Title Bridging the gap of general practitioners' competence on European Market
Project Number 2008-1-PL1-LEO05-02080
Product Report on defining the deficit competencies of general practitioners in the field of health promotion and disease prevention
Title Report on defining the deficit competencies of general practitioners in the field of health promotion and disease prevention
Product Type others
Marketing Text The report on GPs’ deficit competencies in the field of disease prevention and health promotion.
Description The report provides summary of activities carried out within the project realization aimed at identification of the gaps in GPs competencies in the areas of health promotion and disease prevention. The main outcomes were provided by the usage of the Internet based tool for measuring GPs competencies carried out on the group of about 150 GPs in four partner countries. In order to achieve comprehensive character of the outcomes the results of other project’s analysis (analysis of the training curricula, in-depths interviews with FM experts and focus groups research with practicing GPs) were also included in the report.
Target group The report can be helpful for teachers and tutors of GPs in Greece, Lithuania, Poland and the UK who prepare curricula, teaching programmes, courses and other educational activities for GPs in the field of health promotion and disease prevention.
Comparison of the data collected through the GAP project tool and used in addition to the qualitative methods of evaluation (the interviews with experts, the focus group discussions, the analysis of the teaching curriculum and legal regulations on health promotion and disease prevention) made it possible to come to a final conclusion concerning the gaps in the competencies of GPs. Some basic conclusions of the GAP project are presented below:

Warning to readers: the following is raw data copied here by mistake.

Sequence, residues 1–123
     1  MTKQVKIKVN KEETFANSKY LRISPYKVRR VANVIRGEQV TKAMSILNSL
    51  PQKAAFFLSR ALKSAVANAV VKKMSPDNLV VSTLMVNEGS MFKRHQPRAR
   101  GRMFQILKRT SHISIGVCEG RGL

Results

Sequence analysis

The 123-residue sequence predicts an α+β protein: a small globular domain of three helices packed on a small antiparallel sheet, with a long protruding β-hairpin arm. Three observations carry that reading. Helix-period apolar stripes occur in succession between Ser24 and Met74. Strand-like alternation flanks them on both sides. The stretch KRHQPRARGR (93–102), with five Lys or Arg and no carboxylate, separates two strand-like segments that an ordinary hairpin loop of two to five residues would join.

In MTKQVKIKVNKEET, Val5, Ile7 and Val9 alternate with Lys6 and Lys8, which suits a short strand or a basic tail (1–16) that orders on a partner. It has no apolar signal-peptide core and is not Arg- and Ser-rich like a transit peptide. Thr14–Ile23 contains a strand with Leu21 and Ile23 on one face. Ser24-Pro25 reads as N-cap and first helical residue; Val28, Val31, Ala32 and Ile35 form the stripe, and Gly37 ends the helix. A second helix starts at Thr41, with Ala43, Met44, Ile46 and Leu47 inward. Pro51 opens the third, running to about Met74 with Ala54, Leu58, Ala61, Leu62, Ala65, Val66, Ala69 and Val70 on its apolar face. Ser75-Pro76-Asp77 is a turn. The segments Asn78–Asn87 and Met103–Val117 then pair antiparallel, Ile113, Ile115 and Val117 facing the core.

• The largest competence gaps in relation to health promotion and disease prevention exist in the areas of educational and organizational competencies.
• Despite the fact that clinical competencies are considered a more developed competence area, the results of the objective evaluation show a significant gap in the sub-area of chronic disease management. On the other hand, the sub-area of preventive interventions seems to be quite well represented in the rating of competencies.
• Deficits were seen to be present in two sub-areas within the organizational field: on local community issues and information competencies. Both a subjective and an objective evaluation of the competencies within the pilot group of GPs showed a rather limited level of competence. At the same time they received a high rating in the patient relationship sub-area of organizational competencies.
• In general, GPs self-rated their disease prevention and health promotion competencies with caution (a mean score of 3.34 on a 1–5 scale) in comparison with the objective rating (a mean score of 3.77, p<0.05) of their competencies based on the knowledge/competence tests. This probably means that a majority of GPs slightly underestimate their actual competencies. However, the objective evaluation of GPs’ competencies in the field of health promotion and disease prevention with the use of GAP project tools showed a much larger variation of results than in the case of subjective evaluation. This means that some physicians may overestimate their real level of competence.
• Significant gaps were established between relatively good training curriculum/programs and the practical implementation of health promotion and disease prevention activities at the GP’s office.
• Significant gaps exist in national legislation (concerning functions, competencies, services and reimbursement for GPs for preventive activities), making impossible the implementation of health promotion and disease prevention on a larger scale.
Area of application Course organizers and teachers of family medicine could use the Report as a source of reference on existing GPs’ competencies deficits.
Product Languages English